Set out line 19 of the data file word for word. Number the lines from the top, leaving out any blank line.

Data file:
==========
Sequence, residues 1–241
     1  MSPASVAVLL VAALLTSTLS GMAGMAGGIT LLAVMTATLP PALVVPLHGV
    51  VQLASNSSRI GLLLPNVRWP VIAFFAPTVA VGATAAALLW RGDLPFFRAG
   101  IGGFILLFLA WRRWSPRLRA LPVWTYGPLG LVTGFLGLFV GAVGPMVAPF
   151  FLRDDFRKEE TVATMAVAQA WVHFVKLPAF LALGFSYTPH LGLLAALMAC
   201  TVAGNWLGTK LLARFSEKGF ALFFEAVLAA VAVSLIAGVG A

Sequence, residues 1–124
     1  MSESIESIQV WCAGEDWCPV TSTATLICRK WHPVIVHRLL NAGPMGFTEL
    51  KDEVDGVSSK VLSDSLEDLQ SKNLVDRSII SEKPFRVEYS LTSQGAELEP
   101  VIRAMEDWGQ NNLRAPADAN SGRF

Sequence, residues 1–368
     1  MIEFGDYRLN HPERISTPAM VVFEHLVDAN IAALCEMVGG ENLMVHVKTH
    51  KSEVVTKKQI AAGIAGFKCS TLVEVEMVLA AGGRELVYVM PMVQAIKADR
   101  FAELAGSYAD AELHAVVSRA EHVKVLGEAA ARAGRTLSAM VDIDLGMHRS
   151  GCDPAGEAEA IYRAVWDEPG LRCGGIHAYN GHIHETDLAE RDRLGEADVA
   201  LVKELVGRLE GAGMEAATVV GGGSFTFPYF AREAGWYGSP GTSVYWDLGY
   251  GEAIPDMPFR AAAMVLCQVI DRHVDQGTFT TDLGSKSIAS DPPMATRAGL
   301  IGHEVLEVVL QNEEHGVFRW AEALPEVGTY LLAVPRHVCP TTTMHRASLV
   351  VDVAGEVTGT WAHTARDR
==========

   351  VDVAGEVTGT WAHTARDR